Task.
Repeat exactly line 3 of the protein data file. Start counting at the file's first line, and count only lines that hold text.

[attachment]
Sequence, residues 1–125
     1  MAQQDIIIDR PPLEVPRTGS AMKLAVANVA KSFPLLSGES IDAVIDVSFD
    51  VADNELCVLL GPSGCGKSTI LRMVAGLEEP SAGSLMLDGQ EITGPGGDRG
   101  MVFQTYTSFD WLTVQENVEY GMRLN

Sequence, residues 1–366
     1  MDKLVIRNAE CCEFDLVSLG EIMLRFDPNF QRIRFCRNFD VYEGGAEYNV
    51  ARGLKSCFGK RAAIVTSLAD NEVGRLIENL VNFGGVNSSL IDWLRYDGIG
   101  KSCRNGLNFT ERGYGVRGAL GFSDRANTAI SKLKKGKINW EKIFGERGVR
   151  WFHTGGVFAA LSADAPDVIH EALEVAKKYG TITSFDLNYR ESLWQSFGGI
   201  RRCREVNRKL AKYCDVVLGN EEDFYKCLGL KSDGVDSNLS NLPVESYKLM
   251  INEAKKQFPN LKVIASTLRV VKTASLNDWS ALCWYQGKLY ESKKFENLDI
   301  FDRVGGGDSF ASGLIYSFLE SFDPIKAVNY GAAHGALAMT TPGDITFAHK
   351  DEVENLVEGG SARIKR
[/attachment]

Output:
    51  VADNELCVLL GPSGCGKSTI LRMVAGLEEP SAGSLMLDGQ EITGPGGDRG